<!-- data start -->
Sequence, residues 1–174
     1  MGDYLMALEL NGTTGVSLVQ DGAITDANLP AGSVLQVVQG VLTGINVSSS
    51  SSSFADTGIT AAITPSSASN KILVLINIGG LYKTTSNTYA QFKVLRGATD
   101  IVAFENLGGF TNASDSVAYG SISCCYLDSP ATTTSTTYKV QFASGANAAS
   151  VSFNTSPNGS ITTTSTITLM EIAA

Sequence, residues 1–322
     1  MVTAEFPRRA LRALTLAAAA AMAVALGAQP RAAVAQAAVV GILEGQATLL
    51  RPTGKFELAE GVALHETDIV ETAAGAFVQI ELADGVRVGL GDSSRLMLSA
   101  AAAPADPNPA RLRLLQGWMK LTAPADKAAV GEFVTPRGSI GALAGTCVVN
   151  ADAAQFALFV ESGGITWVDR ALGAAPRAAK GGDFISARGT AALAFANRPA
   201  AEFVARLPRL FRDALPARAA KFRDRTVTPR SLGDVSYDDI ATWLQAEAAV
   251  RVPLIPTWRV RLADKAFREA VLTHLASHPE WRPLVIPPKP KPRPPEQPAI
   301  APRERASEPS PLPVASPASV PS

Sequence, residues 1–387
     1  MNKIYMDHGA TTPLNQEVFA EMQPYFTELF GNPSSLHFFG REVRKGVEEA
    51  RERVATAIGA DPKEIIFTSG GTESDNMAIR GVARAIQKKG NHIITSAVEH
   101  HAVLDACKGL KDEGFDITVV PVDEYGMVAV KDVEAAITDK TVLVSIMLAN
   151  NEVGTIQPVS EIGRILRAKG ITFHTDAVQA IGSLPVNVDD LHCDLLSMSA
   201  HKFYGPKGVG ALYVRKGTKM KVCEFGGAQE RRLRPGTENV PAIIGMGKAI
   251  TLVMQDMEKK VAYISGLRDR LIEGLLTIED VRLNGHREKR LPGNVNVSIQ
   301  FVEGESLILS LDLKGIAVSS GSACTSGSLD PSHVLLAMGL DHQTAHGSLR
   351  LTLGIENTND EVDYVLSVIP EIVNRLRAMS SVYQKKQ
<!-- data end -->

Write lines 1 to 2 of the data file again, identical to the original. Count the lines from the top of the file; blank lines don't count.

Sequence, residues 1–174
     1  MGDYLMALEL NGTTGVSLVQ DGAITDANLP AGSVLQVVQG VLTGINVSSS